In 1934, veteran muckraker and socialist Upton Sinclair managed to win the Democratic nomination to run for Governor of California. Running on a blatantly Marxist platform, Sinclair through a scare into the rich and powerful of America who, in the view of this book's author, united together to unfairly slander Sinclair and rob him of victory. Campaign of the Century provides a heavily detailed, anecdote-filled accounts of the campaign and manages to weave in a fascinating social history featuring the most revered figures of recent American history. Over the course of the campaign we get fascinating portraits of Will Rogers, Aimee Semple MacPhearson, Louis B. Mayer, and Franklin D. Roosevelt amongst others.
The book's main flaw is the idealization of Sinclair. While Marshall is honest enough to admit that the man could be a flake, his platform is never really examined in any great detail. Nor does Marshall give any real evidence as to why Sinclair would have been a better governor than his opponent or even why he seems so convinced Sinclair would have won if not for the convenient boogeyman of Big Business. Instead, Marshall seems to simply assume that all readers will naturally agree that Sinclair was an angel and anyone opposed to him was the devil.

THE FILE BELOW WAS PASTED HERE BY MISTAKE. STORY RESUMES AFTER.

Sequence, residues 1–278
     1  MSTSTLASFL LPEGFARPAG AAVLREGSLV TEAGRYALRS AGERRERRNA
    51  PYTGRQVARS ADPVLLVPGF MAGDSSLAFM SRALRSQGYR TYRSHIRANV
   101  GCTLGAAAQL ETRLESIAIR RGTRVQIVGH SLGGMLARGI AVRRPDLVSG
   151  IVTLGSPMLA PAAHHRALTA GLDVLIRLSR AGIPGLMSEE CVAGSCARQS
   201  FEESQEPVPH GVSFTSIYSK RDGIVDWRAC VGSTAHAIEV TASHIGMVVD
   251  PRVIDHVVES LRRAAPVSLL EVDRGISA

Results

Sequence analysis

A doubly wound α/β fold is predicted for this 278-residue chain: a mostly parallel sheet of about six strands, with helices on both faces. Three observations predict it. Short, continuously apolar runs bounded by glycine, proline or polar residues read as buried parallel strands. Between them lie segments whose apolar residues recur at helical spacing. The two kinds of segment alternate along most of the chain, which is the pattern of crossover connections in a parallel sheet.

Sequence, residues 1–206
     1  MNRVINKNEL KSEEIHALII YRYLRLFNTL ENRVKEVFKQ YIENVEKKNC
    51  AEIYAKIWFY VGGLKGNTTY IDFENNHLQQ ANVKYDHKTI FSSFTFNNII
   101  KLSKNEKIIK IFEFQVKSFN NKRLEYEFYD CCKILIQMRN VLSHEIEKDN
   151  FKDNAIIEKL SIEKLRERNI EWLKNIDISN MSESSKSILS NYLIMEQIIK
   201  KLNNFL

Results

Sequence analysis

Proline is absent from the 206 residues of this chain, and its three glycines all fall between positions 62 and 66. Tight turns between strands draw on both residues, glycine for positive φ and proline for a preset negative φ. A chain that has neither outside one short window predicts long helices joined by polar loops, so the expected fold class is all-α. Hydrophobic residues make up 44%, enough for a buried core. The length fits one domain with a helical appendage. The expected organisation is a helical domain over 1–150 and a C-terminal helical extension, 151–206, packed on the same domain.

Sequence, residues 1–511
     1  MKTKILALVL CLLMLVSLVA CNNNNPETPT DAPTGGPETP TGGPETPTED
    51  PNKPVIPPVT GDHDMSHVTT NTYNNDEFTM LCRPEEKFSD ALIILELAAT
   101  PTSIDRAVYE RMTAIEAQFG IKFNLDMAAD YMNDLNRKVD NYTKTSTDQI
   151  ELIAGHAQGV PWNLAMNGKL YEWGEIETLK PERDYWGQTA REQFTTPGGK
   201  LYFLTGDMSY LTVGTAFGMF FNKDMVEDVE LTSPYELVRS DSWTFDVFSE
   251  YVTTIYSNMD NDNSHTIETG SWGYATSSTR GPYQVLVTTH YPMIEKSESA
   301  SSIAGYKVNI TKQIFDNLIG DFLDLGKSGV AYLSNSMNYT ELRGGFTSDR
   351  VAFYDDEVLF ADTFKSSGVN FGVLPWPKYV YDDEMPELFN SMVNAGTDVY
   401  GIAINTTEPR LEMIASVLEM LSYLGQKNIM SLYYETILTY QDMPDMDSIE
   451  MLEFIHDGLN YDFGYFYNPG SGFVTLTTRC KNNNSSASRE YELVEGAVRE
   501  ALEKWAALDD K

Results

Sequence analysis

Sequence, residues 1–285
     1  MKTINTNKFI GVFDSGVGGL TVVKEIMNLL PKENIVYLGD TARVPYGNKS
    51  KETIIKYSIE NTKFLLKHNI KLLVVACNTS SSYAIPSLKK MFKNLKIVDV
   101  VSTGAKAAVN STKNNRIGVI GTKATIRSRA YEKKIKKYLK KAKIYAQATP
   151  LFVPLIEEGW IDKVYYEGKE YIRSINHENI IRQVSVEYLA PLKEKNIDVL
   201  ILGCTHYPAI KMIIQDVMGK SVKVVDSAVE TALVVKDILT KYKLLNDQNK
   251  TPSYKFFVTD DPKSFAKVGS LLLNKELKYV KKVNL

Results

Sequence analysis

This being said, this is still a wonderful social and political history of the not-so-distant past. It should definitely be read by anyone who considers himself to be a political junkie or is just interested in history. Just remember to keep an open mind and not always automatically believe everything you read.
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